By Diane Weidner
Nestled in the walled city of Nicosia on an island in the warm Mediterranean Sea, 23 undergraduate students from the University of Cyprus (UCY) will be resuming their medical training in September, inspired with new knowledge and experiences from their recent trip to Montreal. Accompanied by faculty members Drs. Anneza Yiallourou and Eirini Christaki, the students spent a week undergoing simulation training at McGill University’s Steinberg Centre for Simulation and Interactive Learning (SCSIL). This trip was a unique opportunity for the students to further enhance their communication and clinical skills in the safe environment of a simulation centre. They participated in the technical skills station and, for the first time, practised scenarios with Standardized Patients that focused on surgical history taking, physical examinations and communication with patients.
The idea for this visit first took shape over a year ago, when UCY rector Professor Constantinos Christofides visited McGill and met with the Faculty of Medicine’s Vice-Principal of Health Affairs and Dean of Medicine David Eidelman, and Associate Vice-Principal and Vice-Dean Samuel Benaroya. UCY launched their medical program in 2013 with state-of-the-art facilities and a desire to establish strategic partnerships. Our visitors—the first cohort of medical students from the University of Cyprus—just completed their fourth undergraduate year of a six-year program, and the faculty members believed that this would be the perfect opportunity to further enhance their skillset in a well-organized and structured simulation environment. This trip also allowed the students to expand their horizons and explore options for residency and specialty training in Canada and abroad. As Dr. Christaki explains, “Some of the students have never, or minimally, left the island of Cyprus. This trip has given them a chance to see how state-of-the-art education is carried out in one of the Ivy League universities and provide stimuli for further enhancement of their career path.”
In addition to completing 15 hours of simulation training at the SCSIL, the delegation visited other simulation centres at the Montreal Neurological Institute and Hospital, and at the Shriners Hospitals for Children®—Canada, where they had the opportunity to participate in technologically immersive hands-on activities. They also toured the McGill campus and the affiliated McGill University Health Centre’s modern facilities at the Glen site, and learned about the innovative research being carried out at the Goodman Cancer Research Centre.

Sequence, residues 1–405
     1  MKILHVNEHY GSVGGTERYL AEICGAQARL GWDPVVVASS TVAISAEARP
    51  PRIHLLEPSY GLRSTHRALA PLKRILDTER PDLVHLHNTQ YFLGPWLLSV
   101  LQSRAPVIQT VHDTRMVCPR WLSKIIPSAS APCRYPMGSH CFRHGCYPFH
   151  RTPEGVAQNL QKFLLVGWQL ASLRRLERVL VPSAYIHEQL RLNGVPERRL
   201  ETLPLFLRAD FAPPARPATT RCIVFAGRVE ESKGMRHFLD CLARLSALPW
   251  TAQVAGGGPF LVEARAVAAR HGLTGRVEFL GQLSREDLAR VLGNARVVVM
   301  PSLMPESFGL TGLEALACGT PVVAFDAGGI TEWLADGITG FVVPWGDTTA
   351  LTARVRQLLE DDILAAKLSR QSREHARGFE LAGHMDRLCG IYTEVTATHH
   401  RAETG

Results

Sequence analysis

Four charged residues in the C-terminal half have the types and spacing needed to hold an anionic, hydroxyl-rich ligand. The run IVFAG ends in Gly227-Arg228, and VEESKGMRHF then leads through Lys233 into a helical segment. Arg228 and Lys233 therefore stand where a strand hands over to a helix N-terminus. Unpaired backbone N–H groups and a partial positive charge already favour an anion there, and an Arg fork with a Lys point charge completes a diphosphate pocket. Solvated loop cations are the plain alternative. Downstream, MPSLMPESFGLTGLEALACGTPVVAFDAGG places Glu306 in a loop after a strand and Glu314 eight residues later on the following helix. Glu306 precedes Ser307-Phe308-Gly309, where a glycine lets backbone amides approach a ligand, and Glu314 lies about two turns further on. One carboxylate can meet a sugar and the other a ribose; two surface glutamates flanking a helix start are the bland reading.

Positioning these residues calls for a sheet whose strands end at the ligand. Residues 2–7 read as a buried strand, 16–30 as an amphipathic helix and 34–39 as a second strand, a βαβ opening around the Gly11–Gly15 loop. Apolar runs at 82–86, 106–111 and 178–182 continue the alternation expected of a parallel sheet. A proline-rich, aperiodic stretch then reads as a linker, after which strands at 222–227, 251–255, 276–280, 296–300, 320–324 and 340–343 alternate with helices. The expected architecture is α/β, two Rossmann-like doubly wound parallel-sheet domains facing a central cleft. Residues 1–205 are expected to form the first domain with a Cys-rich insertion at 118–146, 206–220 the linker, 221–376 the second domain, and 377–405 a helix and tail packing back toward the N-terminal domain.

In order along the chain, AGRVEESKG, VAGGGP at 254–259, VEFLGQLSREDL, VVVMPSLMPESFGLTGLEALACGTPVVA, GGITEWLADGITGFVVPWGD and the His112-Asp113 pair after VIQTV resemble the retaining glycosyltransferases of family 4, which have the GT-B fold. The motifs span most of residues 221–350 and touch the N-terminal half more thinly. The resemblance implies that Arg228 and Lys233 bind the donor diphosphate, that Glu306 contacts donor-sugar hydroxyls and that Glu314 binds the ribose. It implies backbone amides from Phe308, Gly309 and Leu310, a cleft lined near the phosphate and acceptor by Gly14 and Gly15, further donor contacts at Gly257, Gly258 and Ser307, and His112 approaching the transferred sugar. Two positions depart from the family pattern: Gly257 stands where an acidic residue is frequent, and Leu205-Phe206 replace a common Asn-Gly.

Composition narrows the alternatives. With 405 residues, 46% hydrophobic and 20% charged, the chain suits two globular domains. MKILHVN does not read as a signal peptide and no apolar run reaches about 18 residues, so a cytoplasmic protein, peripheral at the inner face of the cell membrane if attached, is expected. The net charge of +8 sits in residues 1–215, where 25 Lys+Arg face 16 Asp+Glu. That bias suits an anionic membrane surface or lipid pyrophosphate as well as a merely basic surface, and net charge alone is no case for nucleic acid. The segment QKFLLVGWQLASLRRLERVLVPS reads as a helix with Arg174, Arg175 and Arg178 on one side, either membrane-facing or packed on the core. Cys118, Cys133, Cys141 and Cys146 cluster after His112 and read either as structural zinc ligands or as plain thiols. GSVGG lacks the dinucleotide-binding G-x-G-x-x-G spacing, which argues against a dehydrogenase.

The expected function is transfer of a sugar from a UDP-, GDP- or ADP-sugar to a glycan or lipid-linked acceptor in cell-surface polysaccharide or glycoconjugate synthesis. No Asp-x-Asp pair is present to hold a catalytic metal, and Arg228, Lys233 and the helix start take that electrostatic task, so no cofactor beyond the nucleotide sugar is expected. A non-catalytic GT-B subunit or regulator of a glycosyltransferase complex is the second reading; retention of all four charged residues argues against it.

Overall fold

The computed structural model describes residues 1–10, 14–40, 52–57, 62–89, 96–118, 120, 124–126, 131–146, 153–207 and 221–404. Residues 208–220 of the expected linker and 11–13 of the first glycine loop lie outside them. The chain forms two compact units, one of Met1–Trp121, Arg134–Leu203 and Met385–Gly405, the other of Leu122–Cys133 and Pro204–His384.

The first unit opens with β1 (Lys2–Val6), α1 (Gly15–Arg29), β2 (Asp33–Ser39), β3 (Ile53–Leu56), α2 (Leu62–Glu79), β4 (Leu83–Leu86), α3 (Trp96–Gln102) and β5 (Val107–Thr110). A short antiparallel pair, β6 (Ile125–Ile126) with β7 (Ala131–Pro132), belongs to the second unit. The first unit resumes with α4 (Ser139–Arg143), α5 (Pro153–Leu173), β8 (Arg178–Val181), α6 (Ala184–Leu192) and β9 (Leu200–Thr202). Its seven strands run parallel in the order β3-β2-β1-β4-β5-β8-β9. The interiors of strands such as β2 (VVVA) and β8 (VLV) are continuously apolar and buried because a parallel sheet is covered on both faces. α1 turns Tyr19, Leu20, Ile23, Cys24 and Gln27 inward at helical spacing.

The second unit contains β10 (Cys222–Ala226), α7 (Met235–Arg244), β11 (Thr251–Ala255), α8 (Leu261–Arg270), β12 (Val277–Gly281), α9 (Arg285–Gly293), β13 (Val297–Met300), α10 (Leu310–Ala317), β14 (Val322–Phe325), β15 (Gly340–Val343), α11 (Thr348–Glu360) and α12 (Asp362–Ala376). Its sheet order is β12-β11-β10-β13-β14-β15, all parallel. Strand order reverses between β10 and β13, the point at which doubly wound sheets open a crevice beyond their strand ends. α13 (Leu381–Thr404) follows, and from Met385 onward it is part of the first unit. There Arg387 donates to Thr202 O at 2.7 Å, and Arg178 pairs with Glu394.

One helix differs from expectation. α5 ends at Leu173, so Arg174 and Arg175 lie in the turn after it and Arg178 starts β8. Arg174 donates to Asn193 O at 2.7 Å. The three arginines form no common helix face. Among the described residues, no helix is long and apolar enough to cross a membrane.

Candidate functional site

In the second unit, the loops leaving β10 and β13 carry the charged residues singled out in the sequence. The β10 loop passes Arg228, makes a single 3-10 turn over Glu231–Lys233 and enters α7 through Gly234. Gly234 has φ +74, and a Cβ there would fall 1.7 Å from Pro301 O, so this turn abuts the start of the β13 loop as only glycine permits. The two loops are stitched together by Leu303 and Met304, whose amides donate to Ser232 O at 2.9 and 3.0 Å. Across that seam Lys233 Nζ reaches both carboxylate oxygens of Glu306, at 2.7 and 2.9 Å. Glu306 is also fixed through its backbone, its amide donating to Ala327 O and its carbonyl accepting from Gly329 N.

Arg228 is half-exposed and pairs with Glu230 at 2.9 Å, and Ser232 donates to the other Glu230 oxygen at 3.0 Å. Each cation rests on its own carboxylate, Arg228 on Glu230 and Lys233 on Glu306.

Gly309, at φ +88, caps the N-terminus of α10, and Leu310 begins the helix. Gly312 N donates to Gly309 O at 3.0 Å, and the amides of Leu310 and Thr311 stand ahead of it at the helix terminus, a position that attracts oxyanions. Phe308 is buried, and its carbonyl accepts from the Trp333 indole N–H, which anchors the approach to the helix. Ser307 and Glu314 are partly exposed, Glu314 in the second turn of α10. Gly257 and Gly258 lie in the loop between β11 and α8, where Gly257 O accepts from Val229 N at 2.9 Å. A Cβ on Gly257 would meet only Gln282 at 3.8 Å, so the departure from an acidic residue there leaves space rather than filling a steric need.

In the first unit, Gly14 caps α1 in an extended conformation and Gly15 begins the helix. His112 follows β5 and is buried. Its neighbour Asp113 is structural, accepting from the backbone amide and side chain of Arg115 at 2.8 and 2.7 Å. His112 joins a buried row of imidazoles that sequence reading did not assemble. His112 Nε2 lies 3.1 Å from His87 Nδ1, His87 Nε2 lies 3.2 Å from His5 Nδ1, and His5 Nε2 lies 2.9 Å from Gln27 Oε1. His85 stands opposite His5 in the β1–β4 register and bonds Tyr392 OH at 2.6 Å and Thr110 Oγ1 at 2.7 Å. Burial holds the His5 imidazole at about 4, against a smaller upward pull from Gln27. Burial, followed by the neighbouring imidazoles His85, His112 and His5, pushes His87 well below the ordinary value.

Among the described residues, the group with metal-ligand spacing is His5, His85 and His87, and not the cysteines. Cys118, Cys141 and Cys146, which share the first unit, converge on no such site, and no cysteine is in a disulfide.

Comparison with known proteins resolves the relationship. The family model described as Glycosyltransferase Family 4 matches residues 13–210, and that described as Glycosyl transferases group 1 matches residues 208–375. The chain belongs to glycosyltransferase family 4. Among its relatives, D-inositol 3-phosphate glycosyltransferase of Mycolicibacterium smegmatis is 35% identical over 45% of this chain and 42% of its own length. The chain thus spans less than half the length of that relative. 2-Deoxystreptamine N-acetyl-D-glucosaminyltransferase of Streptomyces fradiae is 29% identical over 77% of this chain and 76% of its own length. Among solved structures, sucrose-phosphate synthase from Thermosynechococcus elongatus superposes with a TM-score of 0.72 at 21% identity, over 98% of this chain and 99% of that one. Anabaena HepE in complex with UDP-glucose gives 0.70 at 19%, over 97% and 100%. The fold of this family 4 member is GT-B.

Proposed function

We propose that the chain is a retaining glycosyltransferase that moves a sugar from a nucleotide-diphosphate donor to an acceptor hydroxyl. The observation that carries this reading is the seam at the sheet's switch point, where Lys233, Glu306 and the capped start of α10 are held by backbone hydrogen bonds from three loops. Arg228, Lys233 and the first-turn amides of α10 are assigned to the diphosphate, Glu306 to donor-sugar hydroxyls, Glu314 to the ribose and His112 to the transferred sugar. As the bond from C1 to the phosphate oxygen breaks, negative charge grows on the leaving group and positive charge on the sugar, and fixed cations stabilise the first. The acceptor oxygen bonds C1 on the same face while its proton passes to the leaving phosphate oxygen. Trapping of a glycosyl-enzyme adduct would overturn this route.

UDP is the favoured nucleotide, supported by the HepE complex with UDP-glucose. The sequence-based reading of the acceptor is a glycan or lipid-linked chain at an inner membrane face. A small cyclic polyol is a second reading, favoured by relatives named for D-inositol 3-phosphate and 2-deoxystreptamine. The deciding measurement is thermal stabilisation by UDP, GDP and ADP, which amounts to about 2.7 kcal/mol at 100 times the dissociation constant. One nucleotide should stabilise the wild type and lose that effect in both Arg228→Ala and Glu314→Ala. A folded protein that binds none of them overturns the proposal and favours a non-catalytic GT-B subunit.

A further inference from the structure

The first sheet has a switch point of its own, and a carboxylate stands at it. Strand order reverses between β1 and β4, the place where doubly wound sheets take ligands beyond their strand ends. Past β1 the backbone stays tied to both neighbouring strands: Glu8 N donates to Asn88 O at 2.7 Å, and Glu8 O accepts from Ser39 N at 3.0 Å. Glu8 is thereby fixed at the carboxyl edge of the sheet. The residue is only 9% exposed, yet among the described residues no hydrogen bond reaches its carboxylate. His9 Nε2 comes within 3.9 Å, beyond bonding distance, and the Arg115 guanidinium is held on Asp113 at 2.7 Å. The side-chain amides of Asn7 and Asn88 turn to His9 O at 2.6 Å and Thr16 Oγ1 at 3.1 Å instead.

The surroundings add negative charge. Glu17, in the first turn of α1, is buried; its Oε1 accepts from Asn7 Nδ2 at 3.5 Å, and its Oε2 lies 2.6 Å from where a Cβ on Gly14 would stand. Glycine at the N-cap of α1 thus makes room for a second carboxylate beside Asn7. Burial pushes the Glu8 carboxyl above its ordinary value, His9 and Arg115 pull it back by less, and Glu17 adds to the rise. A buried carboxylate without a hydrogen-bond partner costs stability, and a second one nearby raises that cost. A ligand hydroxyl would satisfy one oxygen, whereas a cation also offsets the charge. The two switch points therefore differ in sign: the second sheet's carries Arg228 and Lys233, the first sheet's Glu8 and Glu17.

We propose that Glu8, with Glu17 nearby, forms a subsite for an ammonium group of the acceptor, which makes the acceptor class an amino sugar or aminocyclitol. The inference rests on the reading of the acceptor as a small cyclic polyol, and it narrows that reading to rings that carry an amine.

During a special luncheon organized in collaboration with Montreal Medical International, Dr. Benaroya warmly welcomed the delegation to McGill. “The Faculty of Medicine is delighted to be able to collaborate with the University of Cyprus, so that their medical students can experience the breadth of teaching which can be accomplished through medical simulation techniques,” he said. “It is a pleasure to have the students spend a week with us here at McGill.”
The feedback that we have received from the students has been overwhelmingly positive. “I’ve loved the simulation training,” says student Irene Tsappa. “Having the opportunity to practice our clinical skills and surgery history-taking was very useful.” The students were inspired by the people they met, and several are thinking about coming back for elective periods or specialty training. They particularly enjoyed working with Standardized Patients and taking part in debriefing workshops that allowed them to obtain feedback on their communication skills. A Standardized Patient is a healthy person—often with a professional acting background—trained to portray the personal history, physical symptoms, emotional characteristics and everyday concerns of an actual patient. “I feel that I am going to be a better doctor in the future because I had the chance to participate in this program,” expressed another student.
September 8, 2017